Could this smartwatch be the Apple Watch for kids?

The Nickwatch brings the Nickelodeon brand to your little ones' wrists

(Image credit: Watchinu)

If your kids are demanding an Apple Watch but you're not willing to pay that much for a child's watch, you might like the new NickWatch. Available now from Argos in the UK (and coming to Currys shortly) it's a Nickelodeon-branded smartwatch designed specifically for kids, and in addition to its entertainment features you can also use it to call, message and track your child's location.

The NickWatch is £159 and includes a year's subscription to NickWatch Caretaker, a safety and security app whose tracking features work globally: global network roaming is included in the price, so you can use the watch on holiday too.

The app enables you to make calls and send messages to and from the watch, and there is a good set of parental controls enabling you to do things such as mute the device during school hours, deciding who can and can't contact your child and what features your child can use. There's no access to social media apps and the selection of games will be expanded every few months alongside new stickers, voice filters and other fun things.

How does the NickWatch compare to the Apple Watch?

The cheapest current Apple watch is the Apple Watch SE, which is considerably more expensive at £259 and which doesn't have global roaming. That's a lot of money for a watch, especially a child's one, and in my own case I wasn't willing to get one for my youngest despite months of demands. What I did instead was buy them a child-specific smartwatch, the Vodafone Neo. That launched in 2021 but appears to have been discontinued: all the product videos on the official product page now say the account has been closed.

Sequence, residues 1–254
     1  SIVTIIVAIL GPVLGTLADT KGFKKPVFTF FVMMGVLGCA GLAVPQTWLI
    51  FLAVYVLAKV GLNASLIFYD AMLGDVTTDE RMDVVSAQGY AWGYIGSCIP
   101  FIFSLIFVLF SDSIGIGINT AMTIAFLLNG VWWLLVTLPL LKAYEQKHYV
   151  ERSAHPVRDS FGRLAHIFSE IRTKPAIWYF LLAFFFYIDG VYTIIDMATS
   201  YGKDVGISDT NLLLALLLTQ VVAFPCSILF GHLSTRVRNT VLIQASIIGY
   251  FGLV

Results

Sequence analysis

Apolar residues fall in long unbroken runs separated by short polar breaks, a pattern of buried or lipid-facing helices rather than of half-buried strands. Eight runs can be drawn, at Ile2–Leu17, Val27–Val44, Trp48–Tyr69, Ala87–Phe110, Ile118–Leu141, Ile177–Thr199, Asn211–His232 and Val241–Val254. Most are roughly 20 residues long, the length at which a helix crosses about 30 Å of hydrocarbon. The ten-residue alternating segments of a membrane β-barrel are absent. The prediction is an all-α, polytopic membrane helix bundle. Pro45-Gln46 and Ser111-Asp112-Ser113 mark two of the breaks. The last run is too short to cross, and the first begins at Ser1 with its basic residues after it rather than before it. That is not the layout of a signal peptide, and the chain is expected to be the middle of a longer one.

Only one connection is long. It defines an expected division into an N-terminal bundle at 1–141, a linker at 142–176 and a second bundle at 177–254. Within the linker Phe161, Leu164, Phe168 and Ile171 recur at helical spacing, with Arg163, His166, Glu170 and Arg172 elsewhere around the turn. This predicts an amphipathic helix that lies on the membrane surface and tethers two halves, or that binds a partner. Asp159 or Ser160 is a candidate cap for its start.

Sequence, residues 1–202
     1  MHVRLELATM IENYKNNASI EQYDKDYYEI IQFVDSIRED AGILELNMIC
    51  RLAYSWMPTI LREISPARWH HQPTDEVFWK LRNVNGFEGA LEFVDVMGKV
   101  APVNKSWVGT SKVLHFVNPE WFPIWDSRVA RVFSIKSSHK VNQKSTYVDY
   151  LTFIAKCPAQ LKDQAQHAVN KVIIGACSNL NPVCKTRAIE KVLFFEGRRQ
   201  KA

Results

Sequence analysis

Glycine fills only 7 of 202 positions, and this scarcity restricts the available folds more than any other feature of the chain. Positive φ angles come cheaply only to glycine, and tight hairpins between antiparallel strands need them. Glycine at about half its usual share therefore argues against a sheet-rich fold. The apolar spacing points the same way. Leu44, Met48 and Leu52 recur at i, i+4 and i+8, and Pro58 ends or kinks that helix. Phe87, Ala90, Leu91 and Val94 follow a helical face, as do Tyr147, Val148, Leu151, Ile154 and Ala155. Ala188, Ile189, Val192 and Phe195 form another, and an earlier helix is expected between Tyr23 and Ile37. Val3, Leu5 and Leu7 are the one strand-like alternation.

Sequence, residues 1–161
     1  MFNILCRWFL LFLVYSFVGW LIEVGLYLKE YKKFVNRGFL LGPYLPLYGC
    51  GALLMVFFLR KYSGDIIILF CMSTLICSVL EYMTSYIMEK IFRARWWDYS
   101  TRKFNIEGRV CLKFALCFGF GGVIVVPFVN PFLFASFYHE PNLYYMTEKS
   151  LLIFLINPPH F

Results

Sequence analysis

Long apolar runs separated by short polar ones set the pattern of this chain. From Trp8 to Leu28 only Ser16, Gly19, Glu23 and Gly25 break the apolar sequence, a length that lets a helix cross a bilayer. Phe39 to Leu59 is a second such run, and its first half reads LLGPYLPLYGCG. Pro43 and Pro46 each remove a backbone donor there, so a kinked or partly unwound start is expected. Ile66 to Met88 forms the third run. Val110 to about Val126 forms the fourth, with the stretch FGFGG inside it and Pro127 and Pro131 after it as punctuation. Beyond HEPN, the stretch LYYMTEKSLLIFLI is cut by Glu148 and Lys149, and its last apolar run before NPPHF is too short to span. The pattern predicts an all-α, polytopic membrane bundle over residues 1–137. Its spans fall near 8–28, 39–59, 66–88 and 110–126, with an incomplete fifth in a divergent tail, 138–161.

I think the Neo has/had a lot in common with the NickWatch: it too was branded, in Vodafone's case with Disney characters, and it too had location tracking, built-in games and a walled garden of apps. And my kid lost interest in it after about a fortnight, leaving me with a year's subscription to keep paying for; me, I hated the app and often missed notifications of messages and calls because the app didn't send me them.

That makes me wary of any kids' smartwatch, although I had much more success with a Fitbit Ace – which is the device that currently tops our guide to the best smartwatches for kids. Part of that was because of the battery life, which gets a week out of each charge; smartwatches like the Neo and the NickWatch need charged every second day, which is something you'll need to stay on top of because your kids won't.

Carrie Marshall

Writer, musician and broadcaster Carrie Marshall has been covering technology since 1998 and is particularly interested in how tech can help us live our best lives. Her CV is a who’s who of magazines, newspapers, websites and radio programmes ranging from T3, Techradar and MacFormat to the BBC, Sunday Post and People’s Friend. Carrie has written more than a dozen books, ghost-wrote two more and co-wrote seven more books and a Radio 2 documentary series. When she’s not scribbling, she’s the singer in Glaswegian rock band HAVR (